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In the past hundred years Germans have gone through the menu of political systems, including monarchy, empire, republic, dictatorship, federal democracy and democratic republic. Germans take business very seriously indeed, which those coming from countries with less regard for it would do well to bear in mind.
Germany has a civil or statute law system based ultimately on Roman law. Legislative power is divided between the Federation and the individual federated states. While criminal law and private law have seen codifications on the national level (in the Strafgesetzbuch and the Bürgerliches Gesetzbuch respectively), no such unifying codification exists in administrative law where a lot of the fundamental matters remain in the jurisdiction of the individual federated states. There are a series of specialist supreme courts; for civil and criminal cases the highest court of appeal is the Bundesgerichtshof (Federal Court of Justice), located in Karlsruhe. The courtroom style is inquisitorial.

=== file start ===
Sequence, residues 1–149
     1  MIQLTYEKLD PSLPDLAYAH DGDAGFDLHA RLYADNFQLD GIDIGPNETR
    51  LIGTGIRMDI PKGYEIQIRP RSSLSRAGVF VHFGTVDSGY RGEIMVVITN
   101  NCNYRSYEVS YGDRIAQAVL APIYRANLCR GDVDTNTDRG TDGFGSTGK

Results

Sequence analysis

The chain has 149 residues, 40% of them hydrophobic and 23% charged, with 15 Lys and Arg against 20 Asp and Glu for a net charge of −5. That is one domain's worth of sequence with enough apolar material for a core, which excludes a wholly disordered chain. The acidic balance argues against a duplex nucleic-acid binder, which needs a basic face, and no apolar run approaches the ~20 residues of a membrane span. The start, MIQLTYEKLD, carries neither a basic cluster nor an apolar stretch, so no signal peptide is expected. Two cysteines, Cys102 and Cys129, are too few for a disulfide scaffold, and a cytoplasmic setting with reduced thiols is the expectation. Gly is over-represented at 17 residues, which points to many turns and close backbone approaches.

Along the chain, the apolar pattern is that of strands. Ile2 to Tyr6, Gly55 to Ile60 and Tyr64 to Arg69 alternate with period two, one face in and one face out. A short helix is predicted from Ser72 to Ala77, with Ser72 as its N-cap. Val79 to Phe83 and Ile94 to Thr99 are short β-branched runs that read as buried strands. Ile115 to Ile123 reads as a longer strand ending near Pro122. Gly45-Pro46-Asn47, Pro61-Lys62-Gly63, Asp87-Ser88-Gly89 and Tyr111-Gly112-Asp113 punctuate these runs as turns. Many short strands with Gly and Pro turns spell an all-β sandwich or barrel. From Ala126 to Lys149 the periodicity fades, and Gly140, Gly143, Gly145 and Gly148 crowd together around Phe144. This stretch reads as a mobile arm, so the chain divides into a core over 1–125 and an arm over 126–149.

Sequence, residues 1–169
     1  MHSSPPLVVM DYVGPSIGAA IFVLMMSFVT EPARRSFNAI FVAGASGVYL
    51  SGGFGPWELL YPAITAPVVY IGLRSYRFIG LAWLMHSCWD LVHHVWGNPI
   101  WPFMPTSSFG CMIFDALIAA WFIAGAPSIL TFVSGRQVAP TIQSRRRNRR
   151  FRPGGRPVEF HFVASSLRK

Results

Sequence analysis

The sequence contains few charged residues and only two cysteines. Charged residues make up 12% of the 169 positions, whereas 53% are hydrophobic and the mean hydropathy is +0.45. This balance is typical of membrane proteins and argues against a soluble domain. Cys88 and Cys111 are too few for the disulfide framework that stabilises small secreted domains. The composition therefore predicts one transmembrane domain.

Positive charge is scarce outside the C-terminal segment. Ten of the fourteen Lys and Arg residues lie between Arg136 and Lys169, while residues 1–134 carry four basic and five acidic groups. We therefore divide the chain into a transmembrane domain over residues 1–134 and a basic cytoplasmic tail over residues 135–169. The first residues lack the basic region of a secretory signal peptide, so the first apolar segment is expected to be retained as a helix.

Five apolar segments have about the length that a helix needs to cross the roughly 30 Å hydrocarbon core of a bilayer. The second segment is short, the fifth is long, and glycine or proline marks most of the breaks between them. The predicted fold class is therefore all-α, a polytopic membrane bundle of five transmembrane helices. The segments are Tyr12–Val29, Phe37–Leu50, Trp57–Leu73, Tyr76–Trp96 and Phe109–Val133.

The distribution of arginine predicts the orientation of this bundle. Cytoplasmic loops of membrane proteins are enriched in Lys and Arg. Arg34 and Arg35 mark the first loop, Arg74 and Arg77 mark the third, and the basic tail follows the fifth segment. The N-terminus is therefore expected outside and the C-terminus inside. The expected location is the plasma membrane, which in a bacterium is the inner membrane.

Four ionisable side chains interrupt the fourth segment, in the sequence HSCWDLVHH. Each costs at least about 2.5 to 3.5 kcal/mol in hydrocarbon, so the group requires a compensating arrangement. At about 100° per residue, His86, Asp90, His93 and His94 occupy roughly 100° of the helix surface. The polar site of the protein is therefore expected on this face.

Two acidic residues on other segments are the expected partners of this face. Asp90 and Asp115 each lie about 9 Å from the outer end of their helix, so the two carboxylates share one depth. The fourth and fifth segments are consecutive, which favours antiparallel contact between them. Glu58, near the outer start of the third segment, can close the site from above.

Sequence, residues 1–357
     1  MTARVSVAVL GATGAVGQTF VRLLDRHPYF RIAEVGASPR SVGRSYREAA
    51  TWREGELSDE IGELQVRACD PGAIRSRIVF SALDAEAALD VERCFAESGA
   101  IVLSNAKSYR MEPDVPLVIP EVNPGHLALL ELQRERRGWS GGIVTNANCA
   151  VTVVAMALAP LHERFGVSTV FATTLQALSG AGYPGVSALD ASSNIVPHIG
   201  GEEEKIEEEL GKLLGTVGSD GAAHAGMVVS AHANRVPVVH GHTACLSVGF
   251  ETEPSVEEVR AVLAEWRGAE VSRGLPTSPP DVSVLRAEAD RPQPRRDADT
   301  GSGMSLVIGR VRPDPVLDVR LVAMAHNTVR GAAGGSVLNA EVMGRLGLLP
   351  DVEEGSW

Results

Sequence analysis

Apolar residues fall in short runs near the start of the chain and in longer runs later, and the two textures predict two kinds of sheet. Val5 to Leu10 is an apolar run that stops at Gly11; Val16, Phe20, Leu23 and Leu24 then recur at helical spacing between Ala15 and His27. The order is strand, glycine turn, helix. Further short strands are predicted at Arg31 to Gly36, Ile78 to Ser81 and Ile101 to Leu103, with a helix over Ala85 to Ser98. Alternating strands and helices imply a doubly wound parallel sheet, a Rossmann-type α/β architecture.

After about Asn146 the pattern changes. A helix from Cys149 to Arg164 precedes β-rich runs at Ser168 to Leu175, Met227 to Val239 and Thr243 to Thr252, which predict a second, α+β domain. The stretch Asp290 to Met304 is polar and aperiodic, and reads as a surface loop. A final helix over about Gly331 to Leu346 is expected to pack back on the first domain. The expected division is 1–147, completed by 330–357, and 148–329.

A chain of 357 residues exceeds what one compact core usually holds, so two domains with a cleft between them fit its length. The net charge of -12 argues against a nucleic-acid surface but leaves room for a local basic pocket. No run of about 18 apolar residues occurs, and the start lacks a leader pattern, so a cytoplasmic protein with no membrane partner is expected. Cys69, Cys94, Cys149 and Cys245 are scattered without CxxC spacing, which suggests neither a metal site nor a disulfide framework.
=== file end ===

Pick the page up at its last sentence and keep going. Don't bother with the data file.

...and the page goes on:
The Federal Constitutional Court (Bundesverfassungsgericht), also located in Karlsruhe, is the German Supreme Court responsible for constitutional matters, with power of judicial review. It acts as the highest legal authority and ensures that legislative and judicial practice conforms with the Basic Law. It acts independently of the other state bodies but cannot act on its own behalf.
Germany plays a leading role in the European Union, having a strong alliance with France. Germany is at the forefront of European states seeking to advance the creation of a more unified and capable European political, defence and security apparatus.
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